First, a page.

One of the main things that has made a big difference in being able to raise these small and vulnerable calves, and especially those with challenging injuries such as Lomunyak and Long’uro is the discovery of using a new milk formula which is far easier for the elephants to digest, extremely nutritious and best of all it is right under our trunks in the local community.
Thanks to the efforts of the keepers, co-founder Katie Rowe and the local community a plan to start using goats milk was formed, after research and sign off from vets and the Kenya wildlife service the new formula was tried with Sera, and since then has had 100% success rate with all seven calves.
Livestock plays an important sociocultural role for the Samburu people and the fact that it is their own livestock that is supporting the orphaned elephants health brings them that much closer to the project. Generally women concentrate on the lower levels of the livestock value chain as they take care of smaller, young and sick stock, they are responsible for milking and milk sales at a household level. Women often manage sheep and goats as they tend to be kept closer to the homestead. Women also tend to be left responsible for the home herd of cattle and camels when men take others herds on migration. As such, women‘s roles in livestock management is crucial.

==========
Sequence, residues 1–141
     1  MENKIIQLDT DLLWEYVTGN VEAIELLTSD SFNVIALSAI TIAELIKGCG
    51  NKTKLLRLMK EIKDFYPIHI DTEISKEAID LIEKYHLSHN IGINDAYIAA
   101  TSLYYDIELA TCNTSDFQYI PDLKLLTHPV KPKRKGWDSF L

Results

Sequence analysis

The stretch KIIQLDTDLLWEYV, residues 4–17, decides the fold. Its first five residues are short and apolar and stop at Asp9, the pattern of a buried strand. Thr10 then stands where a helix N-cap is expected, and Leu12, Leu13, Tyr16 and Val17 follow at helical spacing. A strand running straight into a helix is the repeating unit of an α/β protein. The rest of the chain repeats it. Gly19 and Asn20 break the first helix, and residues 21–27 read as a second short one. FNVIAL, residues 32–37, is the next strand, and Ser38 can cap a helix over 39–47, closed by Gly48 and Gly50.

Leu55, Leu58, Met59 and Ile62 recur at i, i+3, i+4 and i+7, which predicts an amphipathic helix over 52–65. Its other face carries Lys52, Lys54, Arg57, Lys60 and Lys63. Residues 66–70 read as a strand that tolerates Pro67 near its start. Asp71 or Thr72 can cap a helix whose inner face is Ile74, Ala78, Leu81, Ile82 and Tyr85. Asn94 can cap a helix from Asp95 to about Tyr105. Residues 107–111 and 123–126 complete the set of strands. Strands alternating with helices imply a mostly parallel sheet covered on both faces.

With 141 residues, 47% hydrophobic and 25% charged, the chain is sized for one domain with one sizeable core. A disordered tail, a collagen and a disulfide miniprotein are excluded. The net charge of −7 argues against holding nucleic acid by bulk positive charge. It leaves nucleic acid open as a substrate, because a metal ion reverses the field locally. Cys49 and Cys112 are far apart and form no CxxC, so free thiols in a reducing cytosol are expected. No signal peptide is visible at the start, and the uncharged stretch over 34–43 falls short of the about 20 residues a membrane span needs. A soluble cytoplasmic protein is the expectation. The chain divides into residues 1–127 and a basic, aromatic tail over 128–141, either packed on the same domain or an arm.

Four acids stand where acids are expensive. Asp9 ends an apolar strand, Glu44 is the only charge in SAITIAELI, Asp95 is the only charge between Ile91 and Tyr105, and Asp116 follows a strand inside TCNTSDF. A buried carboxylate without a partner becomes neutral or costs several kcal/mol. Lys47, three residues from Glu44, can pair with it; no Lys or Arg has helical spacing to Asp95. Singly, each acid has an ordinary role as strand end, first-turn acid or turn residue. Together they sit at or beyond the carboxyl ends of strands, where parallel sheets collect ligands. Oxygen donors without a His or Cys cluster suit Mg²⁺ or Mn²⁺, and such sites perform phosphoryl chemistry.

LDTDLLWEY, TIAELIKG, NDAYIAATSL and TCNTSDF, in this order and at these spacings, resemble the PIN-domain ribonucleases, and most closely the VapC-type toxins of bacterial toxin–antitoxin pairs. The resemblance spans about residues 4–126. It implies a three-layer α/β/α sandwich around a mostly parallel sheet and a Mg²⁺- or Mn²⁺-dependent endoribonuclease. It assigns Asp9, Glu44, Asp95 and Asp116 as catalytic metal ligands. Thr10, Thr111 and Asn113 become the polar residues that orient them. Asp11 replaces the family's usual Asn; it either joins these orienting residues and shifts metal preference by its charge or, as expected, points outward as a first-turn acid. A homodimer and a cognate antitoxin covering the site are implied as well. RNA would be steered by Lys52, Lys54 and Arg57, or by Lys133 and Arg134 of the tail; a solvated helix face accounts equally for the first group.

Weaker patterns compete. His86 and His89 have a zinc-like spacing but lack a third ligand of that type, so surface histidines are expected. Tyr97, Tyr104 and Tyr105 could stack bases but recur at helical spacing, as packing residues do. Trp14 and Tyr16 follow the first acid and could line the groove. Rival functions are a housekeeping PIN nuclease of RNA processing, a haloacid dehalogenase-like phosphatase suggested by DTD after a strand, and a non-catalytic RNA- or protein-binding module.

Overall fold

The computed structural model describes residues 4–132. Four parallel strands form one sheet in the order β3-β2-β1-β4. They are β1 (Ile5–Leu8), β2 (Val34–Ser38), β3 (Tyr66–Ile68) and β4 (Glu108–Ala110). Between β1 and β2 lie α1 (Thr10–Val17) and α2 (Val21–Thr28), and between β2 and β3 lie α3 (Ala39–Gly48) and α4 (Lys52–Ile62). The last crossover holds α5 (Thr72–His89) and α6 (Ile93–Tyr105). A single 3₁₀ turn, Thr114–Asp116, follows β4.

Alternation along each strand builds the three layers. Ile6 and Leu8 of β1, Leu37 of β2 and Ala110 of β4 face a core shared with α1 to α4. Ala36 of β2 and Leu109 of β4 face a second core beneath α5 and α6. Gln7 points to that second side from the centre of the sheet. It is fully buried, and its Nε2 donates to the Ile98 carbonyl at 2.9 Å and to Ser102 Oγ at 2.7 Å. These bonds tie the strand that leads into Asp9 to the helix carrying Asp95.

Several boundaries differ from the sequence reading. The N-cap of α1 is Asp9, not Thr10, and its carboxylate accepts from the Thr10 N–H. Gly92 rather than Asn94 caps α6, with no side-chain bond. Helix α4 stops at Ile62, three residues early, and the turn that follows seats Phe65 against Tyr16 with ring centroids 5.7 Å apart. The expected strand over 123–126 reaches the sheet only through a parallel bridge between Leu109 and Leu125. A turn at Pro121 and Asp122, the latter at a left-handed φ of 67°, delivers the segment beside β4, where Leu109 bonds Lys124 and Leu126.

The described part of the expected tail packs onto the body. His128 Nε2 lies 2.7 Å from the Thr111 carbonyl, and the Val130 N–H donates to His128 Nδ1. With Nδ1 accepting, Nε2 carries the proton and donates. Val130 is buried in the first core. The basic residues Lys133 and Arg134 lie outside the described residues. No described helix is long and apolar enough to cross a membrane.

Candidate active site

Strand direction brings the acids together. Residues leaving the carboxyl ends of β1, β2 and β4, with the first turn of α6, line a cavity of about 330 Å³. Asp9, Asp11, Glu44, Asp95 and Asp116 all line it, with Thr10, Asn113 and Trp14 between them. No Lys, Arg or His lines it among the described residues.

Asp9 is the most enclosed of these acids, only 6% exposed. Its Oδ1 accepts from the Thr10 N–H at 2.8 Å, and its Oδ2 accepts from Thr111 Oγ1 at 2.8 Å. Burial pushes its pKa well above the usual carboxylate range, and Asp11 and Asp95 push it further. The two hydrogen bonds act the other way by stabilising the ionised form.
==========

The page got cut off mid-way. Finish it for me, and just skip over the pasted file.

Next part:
As you can imagine we are extremely excited about this idea as not only does it empower the women in the local community who are traditionally the owners of the milk, but it is also supporting the community through milk sales when tourism is low, and finally the elephants are thriving on it! Livestock plays an important sociocultural role for the Samburu people and the link between their own livestock supporting the orphans has made the bond between the community and the elephants incredibly strong and a lot of pride for the project.